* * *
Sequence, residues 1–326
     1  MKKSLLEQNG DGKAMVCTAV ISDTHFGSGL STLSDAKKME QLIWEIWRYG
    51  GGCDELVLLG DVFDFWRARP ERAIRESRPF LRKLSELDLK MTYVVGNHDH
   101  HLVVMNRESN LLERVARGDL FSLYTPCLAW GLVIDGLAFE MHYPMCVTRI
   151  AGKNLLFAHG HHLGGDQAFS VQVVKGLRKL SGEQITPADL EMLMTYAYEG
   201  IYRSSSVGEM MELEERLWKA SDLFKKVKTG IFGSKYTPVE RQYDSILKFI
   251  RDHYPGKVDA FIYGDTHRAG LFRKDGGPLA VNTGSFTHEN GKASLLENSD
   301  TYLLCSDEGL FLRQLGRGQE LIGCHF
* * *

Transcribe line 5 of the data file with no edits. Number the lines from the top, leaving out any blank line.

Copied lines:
   151  AGKNLLFAHG HHLGGDQAFS VQVVKGLRKL SGEQITPADL EMLMTYAYEG